Politicians, gov’t agencies turn to Twitter amidst #Shutdown

By ‎@smfrogers‎
Friday, 4 October 2013

The U.S. federal shutdown this week means that for many government departments and agencies Twitter accounts and websites are temporarily paused while negotiations continue. But others have not let the cessation stop them getting their message out, using the real-time and conversational power of Twitter to directly reach constituents.

Share important information in real time
The Department of the Interior (@Interior) used the new Twitter Alerts feature to announce that all of the National Parks will be closed:

Conversely, the State Department (@TravelGov) countered misinformation about the shutdown by letting the world know it was still open for business:

Rally opinion using hashtags
Politicians brought the political fight to Twitter, using it to advance their positions in the ongoing (and often heated) debate, centralizing the conversation by introducing or playing off of existing hashtags.

@BarackObama used Twitter to rally support against House Speaker John Boehner (@SpeakerBoehner).

Boehner engaged on Twitter as well:

Engage with constituents
Some politicians used Twitter to solicit and showcase the opinions of their constituents.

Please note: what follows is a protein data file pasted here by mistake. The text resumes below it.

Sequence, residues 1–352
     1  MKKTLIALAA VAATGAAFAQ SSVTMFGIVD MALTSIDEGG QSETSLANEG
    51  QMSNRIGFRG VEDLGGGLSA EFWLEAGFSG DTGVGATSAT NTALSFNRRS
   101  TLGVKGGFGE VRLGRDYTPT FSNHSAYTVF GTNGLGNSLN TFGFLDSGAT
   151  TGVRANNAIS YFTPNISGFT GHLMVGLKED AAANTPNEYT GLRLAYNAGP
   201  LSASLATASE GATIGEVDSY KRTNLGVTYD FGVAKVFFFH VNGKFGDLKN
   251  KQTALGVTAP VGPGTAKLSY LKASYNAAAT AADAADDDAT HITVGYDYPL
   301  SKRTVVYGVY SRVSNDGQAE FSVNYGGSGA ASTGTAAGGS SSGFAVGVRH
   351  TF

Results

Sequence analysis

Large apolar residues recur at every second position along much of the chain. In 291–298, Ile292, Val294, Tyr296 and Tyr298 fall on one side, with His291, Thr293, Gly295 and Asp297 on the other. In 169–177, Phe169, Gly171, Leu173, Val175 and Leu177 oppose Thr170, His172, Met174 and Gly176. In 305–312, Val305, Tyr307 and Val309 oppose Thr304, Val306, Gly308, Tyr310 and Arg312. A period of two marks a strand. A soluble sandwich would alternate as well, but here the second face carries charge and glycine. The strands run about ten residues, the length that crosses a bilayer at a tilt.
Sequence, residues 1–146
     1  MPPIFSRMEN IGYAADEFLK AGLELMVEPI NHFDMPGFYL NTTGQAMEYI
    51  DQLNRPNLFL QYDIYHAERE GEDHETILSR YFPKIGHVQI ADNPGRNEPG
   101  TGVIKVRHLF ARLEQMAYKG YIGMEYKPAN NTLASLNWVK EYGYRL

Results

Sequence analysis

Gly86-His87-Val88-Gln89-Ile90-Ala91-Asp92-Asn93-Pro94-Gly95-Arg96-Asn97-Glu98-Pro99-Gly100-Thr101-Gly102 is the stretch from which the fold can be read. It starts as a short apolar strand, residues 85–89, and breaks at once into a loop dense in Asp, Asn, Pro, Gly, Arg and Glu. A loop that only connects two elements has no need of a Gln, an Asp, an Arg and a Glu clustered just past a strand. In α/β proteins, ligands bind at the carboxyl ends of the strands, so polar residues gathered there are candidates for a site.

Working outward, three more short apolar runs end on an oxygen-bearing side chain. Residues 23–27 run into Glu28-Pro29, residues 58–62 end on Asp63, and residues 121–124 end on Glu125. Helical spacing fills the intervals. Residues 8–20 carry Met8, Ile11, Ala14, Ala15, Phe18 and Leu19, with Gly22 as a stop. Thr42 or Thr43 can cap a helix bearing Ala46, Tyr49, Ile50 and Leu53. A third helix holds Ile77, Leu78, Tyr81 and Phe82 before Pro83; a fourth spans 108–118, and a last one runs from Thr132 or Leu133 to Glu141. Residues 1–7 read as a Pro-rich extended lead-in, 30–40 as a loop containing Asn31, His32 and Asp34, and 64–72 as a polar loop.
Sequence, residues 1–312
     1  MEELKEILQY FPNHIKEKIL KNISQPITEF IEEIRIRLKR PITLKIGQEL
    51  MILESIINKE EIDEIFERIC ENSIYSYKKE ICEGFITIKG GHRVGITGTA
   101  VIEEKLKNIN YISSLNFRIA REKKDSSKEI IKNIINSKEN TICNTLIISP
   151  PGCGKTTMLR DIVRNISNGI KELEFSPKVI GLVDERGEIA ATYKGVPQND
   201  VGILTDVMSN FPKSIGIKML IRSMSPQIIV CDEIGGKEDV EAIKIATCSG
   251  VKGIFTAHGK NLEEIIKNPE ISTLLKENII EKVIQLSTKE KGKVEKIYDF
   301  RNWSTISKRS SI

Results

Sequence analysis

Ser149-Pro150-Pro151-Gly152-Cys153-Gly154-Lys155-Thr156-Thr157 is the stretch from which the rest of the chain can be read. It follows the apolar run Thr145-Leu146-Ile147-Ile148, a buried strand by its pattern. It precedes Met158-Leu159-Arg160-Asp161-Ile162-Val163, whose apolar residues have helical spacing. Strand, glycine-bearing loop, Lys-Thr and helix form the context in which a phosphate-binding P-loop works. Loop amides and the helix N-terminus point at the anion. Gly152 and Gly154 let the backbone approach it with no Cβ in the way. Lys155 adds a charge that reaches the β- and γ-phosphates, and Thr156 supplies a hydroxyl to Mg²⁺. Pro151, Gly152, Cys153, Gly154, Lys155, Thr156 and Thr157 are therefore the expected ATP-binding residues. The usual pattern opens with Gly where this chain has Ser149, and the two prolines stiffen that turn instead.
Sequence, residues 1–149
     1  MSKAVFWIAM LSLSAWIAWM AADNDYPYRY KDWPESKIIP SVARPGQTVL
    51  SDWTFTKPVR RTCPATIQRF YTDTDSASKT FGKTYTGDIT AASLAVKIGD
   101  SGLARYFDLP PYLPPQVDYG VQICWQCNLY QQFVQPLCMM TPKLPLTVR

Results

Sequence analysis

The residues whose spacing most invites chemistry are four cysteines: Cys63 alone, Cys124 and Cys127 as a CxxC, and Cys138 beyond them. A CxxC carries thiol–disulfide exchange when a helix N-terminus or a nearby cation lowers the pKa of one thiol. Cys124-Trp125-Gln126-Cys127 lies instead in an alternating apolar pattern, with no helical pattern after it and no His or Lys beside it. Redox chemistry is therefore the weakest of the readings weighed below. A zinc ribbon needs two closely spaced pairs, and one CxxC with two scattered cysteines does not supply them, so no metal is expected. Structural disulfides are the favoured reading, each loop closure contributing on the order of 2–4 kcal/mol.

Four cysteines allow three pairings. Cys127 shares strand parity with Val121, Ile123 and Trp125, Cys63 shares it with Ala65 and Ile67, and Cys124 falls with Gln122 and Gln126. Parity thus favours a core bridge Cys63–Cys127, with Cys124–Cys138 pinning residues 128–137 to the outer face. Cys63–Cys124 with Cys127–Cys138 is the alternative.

Encourage retweets to spread the word
President Obama sent out a call to RT this Tweet:

And Republican Senator Ted Cruz (@SenTedCruz) fired straight back with this:

Use photos and Vine to spread the message
Meanwhile many politicians used visual aids — both photos and Vine videos — to tell their side of the story.

The #Shutdown: inside the numbers
As the shutdown hit, the conversation centered on its effects across the country, reaching its peak on October 1. We looked at mentions of both the shutdown and Obamacare over the last week (plus related terms).

Topsy geoanalysis of where the tweets originated from shows that much of the conversation around the shutdown was east coast, in contrast to mentions of ‘Obamacare’ and related terms, which originates in the mid-West:

As expected, the @BarackObama account upped its activity, posting more Tweets than normal in the days running up to October 1, when the shutdown came into force:

As of October 4, the President’s tweet was the most retweeted of the crisis so far:

Do you know of any other innovative uses of Twitter? Contact us at mediablog@twitter.com.